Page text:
The key factors identified in this case were absence of a price term, indirect nature of the resulting sales and the inability to purchase the product through the defendant's web site. The ruling clarifies the legal consequences of displaying potentially infringing devices at trade shows and increases the freedom for manufacturers to demonstrate their products without exposing themselves to suit in distant venues.
Will Universities Behave More Like Patent-Holding Companies?
Universities were active—although not always successful—litigants in 2008.
The Los Angeles Biomedical Research Institute of the University of California received a new trial in its dispute over ownership of vascular graft-related patents. The case involves the assignment agreements signed by L.A. Biomed's researchers and relates to their work bench testing an already-designed product. This case may clarify the scope of these kinds of assignment agreements.
Johns Hopkins University suffered a loss when the Federal Circuit overturned a 2007 jury verdict finding Datascope infringed three patents related to vascular grafts.
The University of California settled a case against medical device manufacturer ev3 in exchange for over $11 million, ending its lawsuit in the Northern District of California over brain aneurism treatments.
The California Institute of Technology filed suit in the Eastern District of Texas against six companies for violating its patents on imaging technology. Caltech's suit is notable for its scope and chosen venue. While most universities file suit in their home venue, Caltech has sued a large number of defendants in the plaintiff-favorite forum, exhibiting behavior more common to patent-holding companies. If Caltech is successful, more university systems may be drawn to the plaintiff-friendly courts as they assert their patent rights more vigorously.
Suits Related to Syringe Technology, Heated Surgical Tools Are on the Horizon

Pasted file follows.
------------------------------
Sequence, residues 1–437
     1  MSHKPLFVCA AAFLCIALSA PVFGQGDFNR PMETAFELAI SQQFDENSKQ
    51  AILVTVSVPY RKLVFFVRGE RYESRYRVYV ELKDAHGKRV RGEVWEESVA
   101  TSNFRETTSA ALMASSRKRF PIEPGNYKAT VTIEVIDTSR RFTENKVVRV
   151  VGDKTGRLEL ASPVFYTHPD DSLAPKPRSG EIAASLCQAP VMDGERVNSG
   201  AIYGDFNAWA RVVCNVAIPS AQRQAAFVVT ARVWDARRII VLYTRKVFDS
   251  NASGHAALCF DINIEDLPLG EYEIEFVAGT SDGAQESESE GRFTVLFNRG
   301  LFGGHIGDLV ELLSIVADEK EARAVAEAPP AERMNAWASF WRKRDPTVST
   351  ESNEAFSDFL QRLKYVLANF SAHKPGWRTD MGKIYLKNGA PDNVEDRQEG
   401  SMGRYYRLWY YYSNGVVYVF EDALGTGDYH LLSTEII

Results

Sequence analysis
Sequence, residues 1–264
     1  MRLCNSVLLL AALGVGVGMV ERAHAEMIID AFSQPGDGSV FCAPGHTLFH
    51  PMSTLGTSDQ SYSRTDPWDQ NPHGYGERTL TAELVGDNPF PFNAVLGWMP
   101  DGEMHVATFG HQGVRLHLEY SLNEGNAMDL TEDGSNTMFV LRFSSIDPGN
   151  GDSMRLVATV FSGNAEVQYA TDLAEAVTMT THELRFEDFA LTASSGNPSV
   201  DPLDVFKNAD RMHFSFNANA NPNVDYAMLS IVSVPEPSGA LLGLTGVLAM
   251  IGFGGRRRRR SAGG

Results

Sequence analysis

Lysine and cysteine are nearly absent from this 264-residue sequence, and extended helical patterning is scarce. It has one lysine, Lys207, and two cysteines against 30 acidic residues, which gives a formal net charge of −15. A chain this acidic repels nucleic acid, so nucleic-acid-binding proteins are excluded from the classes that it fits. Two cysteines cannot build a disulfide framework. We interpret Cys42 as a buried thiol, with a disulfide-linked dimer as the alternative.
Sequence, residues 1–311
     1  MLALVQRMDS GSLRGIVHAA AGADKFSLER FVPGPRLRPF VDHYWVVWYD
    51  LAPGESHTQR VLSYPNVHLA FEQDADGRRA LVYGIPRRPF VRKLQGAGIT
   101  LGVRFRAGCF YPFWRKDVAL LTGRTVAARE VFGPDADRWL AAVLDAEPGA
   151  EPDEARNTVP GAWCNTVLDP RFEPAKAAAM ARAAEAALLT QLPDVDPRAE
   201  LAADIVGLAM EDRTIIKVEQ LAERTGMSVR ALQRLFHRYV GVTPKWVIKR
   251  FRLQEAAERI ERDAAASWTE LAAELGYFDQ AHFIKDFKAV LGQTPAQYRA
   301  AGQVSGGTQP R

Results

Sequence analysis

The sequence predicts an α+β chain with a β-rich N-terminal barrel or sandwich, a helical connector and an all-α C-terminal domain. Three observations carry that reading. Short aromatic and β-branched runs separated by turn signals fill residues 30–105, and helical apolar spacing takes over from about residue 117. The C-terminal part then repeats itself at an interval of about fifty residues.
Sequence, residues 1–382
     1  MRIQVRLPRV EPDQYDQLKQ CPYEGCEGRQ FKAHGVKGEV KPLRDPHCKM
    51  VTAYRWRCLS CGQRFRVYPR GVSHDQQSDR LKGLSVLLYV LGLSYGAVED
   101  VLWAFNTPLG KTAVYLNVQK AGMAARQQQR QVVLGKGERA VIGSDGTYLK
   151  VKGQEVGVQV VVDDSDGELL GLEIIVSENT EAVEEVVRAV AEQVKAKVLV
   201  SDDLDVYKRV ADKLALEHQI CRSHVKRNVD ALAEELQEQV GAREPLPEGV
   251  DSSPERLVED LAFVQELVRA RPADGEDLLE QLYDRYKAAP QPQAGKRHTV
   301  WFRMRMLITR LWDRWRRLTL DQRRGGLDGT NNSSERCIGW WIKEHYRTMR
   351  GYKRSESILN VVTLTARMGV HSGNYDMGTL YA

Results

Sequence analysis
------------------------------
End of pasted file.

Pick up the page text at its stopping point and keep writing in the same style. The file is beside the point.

Several other large verdicts punctuated the year in medical device patent litigation, including the following:
- Siemens AG won a $52 million jury verdict against Saint-Gobain Ceramics and Plastics related to medical imaging scanners.
- The Federal Circuit settled a long and drawn out dispute between what was originally Guidant and St. Jude Medical over implantable cardiac defibrillators, finding the Guidant patents valid and remanding the case for a determination of damages. The Federal Circuit, however, did not reinstate the original jury award of $140 million.
- Smith & Nephew won $14 million from Arthrex over a patent on suture anchors.
- A jury found that Covidien AG did not infringe Applied Medical's patents on trocar seal technology.
Safety syringe technology will see several suits in 2009, including Retractable Technologies' suit against Safety Medical International in the Eastern District of Texas. Another case to watch is Thermal Scalpel's suit against a number of defendants, including Medtronic, Boston Scientific and Smith & Nephew, in the Eastern District of Texas on patents covering heated surgical cutting tools.
Eastern District Of Texas Was A Popular Venue—But That May Change